PEORIA, Ariz. — If all goes as Felix Hernandez hopes, he won’t be pitching for the Mariners again for the next two weeks.
With the World Baseball Classic looming, Hernandez hopes that he will help lead Venezuela to the title.
“We are real excited,” Hernandez said. “I think we got a pretty good team.”
Indeed, he should have some run support with Miguel Cabrera of the Tigers, Salvador Perez of the Royals, Carlos Gonzalez of the Rockies, Odubel Herrera of the Phillies and his nemesis Jose Altuve of the Astros.
While a WBC title would give him bragging rights over teammates Robinson Cano and Nelson Cruz, who played on the last WBC championship team for the Dominican Republic in 2013, it would also mean something for his home country that has been racked by a failing economy, rampant poverty and violent protests.
“It’s really important to give Venezuela a victory after everything that is happening there and the situation there being so bad,” he said. “A win for Venezuela would be meaningful.”
Hernandez pitched for Venezuela in 2009, but did not participate in 2013 as he and the Mariners were finalizing a massive contract extension.
The quest for the WBC title starts on Thursday in Jalisco, Mexico, with Pool D play. Hernandez will start Venezuela’s opener, facing a loaded Puerto Rico team that features hard-hitting infielders Carlos Correa of the Astros, Francisco Lindor of the Indians and Javier Baez of the Cubs.
How long Hernandez remains away from the Mariners is determinant on Venezuela’s success. If his team continues to advance, Hernandez could make two or three starts in the WBC. The championship pool runs from March 20-22.
“It’s just a short tournament,” he said.
The Mariners and their fans might not feel that way.
Obviously, the organization has some level of anxiety with having any player participate in the WBC. An injury to a key player before the season starts would be less than ideal. But Hernandez is critical to Seattle’s success this season. With a rotation that has other lingering questions, they need Hernandez to have a bounce back season.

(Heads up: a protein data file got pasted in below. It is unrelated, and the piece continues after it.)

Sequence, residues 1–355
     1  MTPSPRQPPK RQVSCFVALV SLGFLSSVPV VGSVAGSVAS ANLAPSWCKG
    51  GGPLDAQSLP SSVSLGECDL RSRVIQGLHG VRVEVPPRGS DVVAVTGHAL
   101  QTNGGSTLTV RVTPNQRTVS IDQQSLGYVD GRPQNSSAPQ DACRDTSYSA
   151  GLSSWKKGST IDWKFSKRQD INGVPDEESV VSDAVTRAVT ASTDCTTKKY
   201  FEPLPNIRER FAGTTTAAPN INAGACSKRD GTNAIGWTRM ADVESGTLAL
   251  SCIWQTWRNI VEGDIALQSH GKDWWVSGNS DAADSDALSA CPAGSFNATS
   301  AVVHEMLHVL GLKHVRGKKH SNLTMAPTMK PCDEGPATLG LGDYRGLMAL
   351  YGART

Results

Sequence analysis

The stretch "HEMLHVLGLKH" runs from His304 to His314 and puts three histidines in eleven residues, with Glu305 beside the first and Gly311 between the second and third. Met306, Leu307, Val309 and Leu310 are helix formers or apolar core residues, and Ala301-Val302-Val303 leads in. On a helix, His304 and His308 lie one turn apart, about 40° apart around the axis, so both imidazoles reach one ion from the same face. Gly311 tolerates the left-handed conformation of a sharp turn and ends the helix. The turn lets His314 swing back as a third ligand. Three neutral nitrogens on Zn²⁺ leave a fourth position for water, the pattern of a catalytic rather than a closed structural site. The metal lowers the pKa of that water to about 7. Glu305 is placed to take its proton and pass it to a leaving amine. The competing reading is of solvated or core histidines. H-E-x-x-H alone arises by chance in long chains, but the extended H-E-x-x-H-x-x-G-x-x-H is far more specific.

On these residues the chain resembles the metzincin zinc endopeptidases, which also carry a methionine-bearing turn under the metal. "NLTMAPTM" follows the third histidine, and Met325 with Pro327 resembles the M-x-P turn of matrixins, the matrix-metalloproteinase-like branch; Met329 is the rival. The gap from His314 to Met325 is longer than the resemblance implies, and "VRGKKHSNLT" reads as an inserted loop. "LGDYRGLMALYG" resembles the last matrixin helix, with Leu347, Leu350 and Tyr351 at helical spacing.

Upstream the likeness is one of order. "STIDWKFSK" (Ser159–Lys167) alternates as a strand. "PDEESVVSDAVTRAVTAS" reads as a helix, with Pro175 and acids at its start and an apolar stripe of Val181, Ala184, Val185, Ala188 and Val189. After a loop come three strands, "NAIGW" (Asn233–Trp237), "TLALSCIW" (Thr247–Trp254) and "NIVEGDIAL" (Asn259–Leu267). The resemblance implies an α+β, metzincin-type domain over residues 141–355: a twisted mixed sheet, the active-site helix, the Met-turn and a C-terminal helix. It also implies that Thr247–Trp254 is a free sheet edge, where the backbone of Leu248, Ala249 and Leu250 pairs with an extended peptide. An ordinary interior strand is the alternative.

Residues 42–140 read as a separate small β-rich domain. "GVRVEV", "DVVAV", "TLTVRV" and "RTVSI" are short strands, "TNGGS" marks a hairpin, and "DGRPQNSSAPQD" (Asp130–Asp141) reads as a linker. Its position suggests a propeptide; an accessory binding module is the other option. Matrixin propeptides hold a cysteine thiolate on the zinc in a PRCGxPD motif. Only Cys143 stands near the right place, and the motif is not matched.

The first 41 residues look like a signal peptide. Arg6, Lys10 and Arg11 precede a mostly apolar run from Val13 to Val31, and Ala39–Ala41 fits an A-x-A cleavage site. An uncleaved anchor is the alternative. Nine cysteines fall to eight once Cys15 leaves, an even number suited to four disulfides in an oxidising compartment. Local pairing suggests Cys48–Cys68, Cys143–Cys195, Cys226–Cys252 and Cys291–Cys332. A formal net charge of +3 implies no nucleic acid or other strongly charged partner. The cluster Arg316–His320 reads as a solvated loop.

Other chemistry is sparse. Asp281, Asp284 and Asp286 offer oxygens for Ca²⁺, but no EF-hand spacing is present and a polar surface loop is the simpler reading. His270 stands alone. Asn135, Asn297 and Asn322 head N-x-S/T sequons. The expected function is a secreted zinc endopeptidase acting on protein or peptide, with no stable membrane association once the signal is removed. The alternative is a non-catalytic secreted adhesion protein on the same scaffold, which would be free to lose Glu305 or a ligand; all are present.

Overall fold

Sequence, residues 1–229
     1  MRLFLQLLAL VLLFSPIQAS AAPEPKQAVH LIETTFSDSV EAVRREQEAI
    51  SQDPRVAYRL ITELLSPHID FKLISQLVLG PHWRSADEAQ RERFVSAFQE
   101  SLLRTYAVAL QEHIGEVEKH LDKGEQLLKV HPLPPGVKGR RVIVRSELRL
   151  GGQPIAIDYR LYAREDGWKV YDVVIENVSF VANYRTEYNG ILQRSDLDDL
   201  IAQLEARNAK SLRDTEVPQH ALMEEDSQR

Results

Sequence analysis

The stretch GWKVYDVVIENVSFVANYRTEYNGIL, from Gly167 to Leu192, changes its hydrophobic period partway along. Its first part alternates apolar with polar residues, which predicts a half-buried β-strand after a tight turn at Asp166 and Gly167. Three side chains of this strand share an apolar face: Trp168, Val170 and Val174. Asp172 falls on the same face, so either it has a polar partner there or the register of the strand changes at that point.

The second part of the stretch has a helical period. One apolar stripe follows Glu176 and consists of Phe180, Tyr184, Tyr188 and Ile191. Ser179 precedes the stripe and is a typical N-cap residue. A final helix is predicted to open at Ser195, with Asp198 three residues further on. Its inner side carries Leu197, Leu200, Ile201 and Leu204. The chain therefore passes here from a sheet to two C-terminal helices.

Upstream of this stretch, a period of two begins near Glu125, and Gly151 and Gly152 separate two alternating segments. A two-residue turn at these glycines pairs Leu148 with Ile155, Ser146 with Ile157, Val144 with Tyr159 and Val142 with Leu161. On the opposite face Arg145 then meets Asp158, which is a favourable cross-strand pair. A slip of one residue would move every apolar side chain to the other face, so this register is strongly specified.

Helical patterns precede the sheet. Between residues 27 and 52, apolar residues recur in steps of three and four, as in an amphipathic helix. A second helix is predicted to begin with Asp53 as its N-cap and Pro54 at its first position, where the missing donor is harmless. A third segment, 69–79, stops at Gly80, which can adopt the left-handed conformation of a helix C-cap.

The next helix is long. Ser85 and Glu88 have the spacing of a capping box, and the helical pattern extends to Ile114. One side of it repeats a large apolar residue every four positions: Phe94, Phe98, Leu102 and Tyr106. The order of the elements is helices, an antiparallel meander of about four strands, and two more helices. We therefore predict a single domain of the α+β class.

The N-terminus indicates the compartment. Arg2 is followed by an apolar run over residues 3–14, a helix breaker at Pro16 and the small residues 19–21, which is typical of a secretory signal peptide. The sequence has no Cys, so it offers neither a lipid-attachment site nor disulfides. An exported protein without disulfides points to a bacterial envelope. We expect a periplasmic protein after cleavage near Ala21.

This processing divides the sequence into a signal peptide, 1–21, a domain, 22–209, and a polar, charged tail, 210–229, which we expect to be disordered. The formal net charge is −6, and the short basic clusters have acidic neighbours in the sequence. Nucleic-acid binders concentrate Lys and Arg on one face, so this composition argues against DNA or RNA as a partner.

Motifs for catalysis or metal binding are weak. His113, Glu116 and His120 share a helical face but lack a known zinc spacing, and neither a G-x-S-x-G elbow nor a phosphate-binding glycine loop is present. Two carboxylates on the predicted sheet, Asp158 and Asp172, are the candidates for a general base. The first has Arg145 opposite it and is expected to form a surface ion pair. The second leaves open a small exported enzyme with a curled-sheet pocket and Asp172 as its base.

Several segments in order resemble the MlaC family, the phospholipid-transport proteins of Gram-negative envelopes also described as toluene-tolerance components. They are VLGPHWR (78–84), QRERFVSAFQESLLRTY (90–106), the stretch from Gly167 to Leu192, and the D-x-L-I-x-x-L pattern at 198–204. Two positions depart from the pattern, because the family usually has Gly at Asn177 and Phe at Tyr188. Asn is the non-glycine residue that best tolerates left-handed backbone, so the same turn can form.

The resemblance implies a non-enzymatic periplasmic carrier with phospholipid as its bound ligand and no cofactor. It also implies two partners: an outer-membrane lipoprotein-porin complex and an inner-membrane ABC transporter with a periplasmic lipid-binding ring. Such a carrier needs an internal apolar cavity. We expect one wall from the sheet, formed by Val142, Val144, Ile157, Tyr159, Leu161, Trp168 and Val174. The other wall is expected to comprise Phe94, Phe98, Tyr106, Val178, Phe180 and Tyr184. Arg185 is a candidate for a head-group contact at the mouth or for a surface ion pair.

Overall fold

A year ago, he missed six weeks with a calf injury and even when healthy dealt with serious command issues with his fastball and an inability to consistently put away hitters. He posted an 11-8 record with a 3.82 ERA in 25 starts and set a career high in walk percentage (9.9).
Manager Scott Servais, general manager Jerry Dipoto and pitching coach Mel Stottlemyre all asked him to refocus his offseason workouts on building strength in his legs and core while also refining some mechanical changes and coming more prepared to spring training. They embraced his desire to play in the WBC hoping it would provide additional motivation for him to make those changes on top of last season’s disappointing results.
“With Felix and where he’s at right now, he’s in a little bit different spot than he has ever been before,” Servais said. “He’s been challenged and he wants to bounce back and have a big year.”
His last start before his WBC hiatus on Sunday showed hints of the issues of last season but also some of the progress made from the offseason.
Hernandez gave up two runs in the first inning to the Oakland A’s because of wandering fastball command. Two fastballs that leaked back over the middle of the plate led to back-to-back run-scoring hits from Ryon Healy and Mark Canha.
“The first inning was a little rough,” he said. “After that, I started locating a little better.”
The command that is so necessary for Hernandez to have success — with his velocity down a few ticks in recent years — started to come around in the second inning. His final inning of work — the third — was his best. He needed just nine pitches to get through the inning, striking out Adam Rosales and Stephen Vogt.
His fastball velocity sat at 91-92, which is a good sign for this early in the spring.
“It feels good,” he said of finishing strong. “I was more calm and more confident and I was throwing more strikes.”